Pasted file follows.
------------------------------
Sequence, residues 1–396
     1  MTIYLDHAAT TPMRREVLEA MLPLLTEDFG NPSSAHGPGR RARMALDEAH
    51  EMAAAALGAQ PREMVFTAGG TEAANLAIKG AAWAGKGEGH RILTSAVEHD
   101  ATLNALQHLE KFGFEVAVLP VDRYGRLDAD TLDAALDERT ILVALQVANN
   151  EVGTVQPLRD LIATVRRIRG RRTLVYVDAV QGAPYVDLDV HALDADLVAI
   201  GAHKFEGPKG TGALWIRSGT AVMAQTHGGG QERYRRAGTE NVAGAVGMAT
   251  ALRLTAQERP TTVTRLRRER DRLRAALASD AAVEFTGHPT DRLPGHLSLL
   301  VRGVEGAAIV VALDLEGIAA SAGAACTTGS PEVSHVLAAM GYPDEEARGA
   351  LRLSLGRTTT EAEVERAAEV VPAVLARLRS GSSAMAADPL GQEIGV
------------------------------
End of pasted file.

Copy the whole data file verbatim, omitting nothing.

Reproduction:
Sequence, residues 1–396
     1  MTIYLDHAAT TPMRREVLEA MLPLLTEDFG NPSSAHGPGR RARMALDEAH
    51  EMAAAALGAQ PREMVFTAGG TEAANLAIKG AAWAGKGEGH RILTSAVEHD
   101  ATLNALQHLE KFGFEVAVLP VDRYGRLDAD TLDAALDERT ILVALQVANN
   151  EVGTVQPLRD LIATVRRIRG RRTLVYVDAV QGAPYVDLDV HALDADLVAI
   201  GAHKFEGPKG TGALWIRSGT AVMAQTHGGG QERYRRAGTE NVAGAVGMAT
   251  ALRLTAQERP TTVTRLRRER DRLRAALASD AAVEFTGHPT DRLPGHLSLL
   301  VRGVEGAAIV VALDLEGIAA SAGAACTTGS PEVSHVLAAM GYPDEEARGA
   351  LRLSLGRTTT EAEVERAAEV VPAVLARLRS GSSAMAADPL GQEIGV